As we put 2020 behind us and look forward to 2021, we reflected in an interactive virtual discussion forum on the key IG learnings from the past 12 months and the insights and actions we now need to be taking to make the most of the opportunities and challenges on the road to recovery in 2021.
We’ve seen the different ways governments have responded to the COVID-19 pandemic and the results in managing the pandemic. Similarly, organisations have had to adapt to the changes and, in particular, to faster digital transformation. Robust governance of organisations and of information has never been so important. Increased cyber risks and the importance of access to real-time and accurate data for decision-making, both at the board level and throughout the organisation, are now critical issues.
Our expert panel included InfoGovANZ International Council member, Daimhin Warner, who is a Director of Simply Privacy, a NZ consultancy providing privacy advice, strategy and training to business and government, and NZ Country Leader for the International Association of Privacy Professionals (IAPP). He’s a privacy professional with over 15 years' privacy and related experience in both the public and private sector.
Daimhin worked with the Office of the NZ Privacy Commissioner for 7 years, ultimately managing the Commissioner's Auckland Investigations Team. Daimhin then moved to NZ’s largest life insurer, where he created and headed a Privacy Team and programme, before co-founding Simply Privacy in 2015.
The evolution in global privacy regulations will continue - since the EU’s GDPR, we witnessed the phenomenon of ‘GDPR-isation,’ the development of myriad privacy laws around the world intended to meet or exceed the high-water mark set by the GDPR. Examples include India’s upcoming Personal Data Protection Act, Brazil’s General Data Protection Law, and, of course, the UK’s GDPR (designed to mirror the EU’s GDPR post-Brexit). This explosion of privacy regulations is essential for the maintenance of a functioning global economy, fuelled by the sharing of personal information across borders.
- ANZ was no exception - the NZ Privacy Act 2020, which commenced in December 2020, moves NZ further along the regulatory spectrum, introducing mandatory privacy breach notifications, limitations on cross-border data transfers and extraterritorial effects, and providing the NZ Privacy Commissioner with increased enforcement powers. 2021 will be all about the bedding in of this new Act.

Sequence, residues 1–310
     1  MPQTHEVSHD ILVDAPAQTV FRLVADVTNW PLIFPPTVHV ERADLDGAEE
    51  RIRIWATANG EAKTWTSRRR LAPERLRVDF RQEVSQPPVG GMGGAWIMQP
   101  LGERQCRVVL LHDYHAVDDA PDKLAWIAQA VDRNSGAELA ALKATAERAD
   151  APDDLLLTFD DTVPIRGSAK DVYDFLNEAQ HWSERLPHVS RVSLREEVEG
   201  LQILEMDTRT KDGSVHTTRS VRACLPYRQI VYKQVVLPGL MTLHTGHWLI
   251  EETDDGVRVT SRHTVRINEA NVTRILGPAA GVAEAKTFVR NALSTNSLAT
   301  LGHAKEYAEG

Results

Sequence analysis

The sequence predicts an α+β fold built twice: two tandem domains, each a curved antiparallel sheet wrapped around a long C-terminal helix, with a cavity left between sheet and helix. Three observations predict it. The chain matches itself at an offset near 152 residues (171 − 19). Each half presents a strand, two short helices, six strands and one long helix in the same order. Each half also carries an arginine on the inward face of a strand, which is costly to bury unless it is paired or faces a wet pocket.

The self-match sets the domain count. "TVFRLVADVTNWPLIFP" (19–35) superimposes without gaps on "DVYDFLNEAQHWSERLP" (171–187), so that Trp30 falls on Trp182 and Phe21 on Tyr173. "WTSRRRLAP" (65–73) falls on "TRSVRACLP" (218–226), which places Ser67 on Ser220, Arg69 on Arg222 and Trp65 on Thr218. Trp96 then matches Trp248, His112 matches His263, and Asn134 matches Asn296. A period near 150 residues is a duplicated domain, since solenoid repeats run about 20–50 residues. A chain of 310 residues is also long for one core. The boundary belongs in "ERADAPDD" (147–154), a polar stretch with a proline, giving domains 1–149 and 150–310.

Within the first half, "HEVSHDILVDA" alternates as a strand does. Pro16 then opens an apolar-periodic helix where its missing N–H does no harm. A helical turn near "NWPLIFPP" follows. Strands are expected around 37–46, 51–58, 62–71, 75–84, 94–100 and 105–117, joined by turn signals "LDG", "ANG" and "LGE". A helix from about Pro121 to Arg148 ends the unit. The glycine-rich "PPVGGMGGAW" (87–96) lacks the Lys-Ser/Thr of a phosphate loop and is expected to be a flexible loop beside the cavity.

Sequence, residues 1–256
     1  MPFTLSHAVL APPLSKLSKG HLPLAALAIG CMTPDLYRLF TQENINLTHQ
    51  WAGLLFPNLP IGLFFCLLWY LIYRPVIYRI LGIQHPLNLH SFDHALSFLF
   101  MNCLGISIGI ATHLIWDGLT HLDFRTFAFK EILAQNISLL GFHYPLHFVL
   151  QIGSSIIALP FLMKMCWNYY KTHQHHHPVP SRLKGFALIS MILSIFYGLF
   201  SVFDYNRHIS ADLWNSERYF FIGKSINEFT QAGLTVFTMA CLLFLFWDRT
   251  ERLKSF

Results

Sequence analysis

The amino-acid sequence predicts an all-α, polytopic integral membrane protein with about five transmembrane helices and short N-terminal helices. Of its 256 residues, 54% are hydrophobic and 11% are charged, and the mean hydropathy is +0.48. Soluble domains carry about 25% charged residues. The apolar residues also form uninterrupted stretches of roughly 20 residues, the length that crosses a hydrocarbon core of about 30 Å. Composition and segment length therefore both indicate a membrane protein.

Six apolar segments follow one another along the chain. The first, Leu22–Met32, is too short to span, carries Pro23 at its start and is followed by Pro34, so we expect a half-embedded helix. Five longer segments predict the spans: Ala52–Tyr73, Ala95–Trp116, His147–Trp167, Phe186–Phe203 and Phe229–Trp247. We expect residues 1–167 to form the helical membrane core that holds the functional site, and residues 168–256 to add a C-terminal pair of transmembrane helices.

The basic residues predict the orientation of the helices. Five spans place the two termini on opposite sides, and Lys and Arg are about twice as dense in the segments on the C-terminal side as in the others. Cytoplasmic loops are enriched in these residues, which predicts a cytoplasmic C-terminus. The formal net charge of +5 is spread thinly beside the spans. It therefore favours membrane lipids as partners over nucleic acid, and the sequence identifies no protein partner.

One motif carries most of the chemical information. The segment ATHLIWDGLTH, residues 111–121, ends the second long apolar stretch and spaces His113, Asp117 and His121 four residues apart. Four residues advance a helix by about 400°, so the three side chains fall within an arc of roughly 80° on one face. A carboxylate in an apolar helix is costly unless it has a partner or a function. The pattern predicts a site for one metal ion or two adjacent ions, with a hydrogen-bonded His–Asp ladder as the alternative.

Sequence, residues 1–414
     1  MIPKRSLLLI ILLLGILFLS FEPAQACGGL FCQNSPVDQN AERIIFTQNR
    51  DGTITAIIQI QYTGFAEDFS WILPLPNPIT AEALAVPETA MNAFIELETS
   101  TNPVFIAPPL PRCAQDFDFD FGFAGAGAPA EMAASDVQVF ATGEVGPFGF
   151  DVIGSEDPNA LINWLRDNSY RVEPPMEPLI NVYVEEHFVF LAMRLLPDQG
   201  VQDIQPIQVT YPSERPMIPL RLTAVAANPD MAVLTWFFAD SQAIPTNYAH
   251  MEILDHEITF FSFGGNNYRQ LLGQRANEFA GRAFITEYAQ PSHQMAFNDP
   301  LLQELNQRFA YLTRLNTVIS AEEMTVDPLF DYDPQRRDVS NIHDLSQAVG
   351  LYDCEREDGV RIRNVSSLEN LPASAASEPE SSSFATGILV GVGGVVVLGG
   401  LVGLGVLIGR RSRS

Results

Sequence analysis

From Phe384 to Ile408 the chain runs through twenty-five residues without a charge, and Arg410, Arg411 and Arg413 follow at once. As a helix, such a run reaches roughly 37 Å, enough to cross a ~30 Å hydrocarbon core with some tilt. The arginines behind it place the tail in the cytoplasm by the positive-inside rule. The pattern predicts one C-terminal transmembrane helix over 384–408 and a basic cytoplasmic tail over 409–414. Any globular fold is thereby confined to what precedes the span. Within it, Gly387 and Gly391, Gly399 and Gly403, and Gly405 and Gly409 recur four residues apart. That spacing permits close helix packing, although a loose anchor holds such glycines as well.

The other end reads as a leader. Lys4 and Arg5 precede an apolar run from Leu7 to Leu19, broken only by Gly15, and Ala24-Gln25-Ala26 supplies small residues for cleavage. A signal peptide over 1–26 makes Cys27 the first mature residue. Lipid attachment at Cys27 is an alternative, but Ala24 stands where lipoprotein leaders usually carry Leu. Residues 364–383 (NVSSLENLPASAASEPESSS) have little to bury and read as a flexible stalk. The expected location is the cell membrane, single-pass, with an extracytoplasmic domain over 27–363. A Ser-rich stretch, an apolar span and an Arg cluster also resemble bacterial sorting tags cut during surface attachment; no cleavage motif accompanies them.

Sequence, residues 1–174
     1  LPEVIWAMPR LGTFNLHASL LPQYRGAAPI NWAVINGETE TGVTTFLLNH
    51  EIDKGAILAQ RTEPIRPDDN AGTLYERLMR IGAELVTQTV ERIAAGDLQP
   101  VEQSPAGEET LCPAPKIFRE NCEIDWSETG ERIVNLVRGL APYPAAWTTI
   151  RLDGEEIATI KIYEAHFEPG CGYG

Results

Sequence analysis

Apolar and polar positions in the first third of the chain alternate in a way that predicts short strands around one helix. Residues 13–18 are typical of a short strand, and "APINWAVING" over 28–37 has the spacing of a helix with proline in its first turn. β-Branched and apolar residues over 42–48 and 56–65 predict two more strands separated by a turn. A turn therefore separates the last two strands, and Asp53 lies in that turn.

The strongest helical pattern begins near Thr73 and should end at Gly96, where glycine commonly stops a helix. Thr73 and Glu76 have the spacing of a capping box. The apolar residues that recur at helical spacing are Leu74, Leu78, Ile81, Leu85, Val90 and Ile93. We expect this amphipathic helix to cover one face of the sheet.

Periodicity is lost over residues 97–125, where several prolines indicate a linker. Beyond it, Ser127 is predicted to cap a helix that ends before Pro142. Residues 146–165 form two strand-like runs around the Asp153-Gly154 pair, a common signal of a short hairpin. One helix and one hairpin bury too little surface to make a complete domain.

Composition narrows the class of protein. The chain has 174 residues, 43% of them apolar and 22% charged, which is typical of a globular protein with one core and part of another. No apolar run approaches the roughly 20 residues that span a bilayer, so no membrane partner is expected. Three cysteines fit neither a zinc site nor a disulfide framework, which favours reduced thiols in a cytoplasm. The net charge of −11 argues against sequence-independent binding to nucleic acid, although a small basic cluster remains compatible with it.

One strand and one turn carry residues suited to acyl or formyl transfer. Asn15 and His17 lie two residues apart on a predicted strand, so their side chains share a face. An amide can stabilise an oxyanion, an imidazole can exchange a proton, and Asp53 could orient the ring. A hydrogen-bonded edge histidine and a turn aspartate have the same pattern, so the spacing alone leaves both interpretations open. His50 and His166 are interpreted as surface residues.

- We will see increased enforcement action from the Privacy Commissioner as he flexes his new regulatory muscles - importantly, we will also learn in 2021 if NZ has retained its EU Adequacy status. This coveted status means that organisations in the EU may transfer personal information to NZ organisations in compliance with the GDPR without having to put any other measures (such as Standard Contractual Clauses) in place. This is critical to NZ’s rapidly growing community of innovative start-ups and the software as a service (SaaS) products they develop for a global market.
And in Australia
- The Australian Privacy Act 1988 is under review, with lawmakers considering a host of major changes intended to bring the Australian law up to global standards. Possible amendments will include removing the somewhat unbelievable small business and employee exemptions, thereby broadening the reach of the law to cover most, if not all, organisations and individuals in Australia. The review will also reflect on the operation of the mandatory breach notification regime introduced in 2018 to ensure it is meeting its objectives. We can expect an update in the coming months, reflecting submissions received from public and private sector agencies across the country.
- In both Australia and NZ, we are also likely to see further developments in the areas of data portability (referred to this side of the world as the ‘consumer data right’), ethics in AI and algorithms, indigenous approaches to privacy (led by efforts to better understand and address Maori data sovereignty in NZ), and the regulation of big tech companies, such as Google and Facebook.
Actions for leaders:
- Organisations and the experts supporting them need to learn the new laws and ensure your processes and procedures comply.
You can read the insights from the rest of our expert panel in our InfoGovANZ Key Learnings from 2020 – Action and Insights for 2021 Report. The report was developed from a virtual forum discussing the impact of COVID-19 and IG implications for organisations on data, access to information, trust, transparency and accountability, cybersecurity, global privacy regulatory developments, eDiscovery, ethics and artificial intelligence.
You can also watch the recording of the 28 January 2021 webinar here.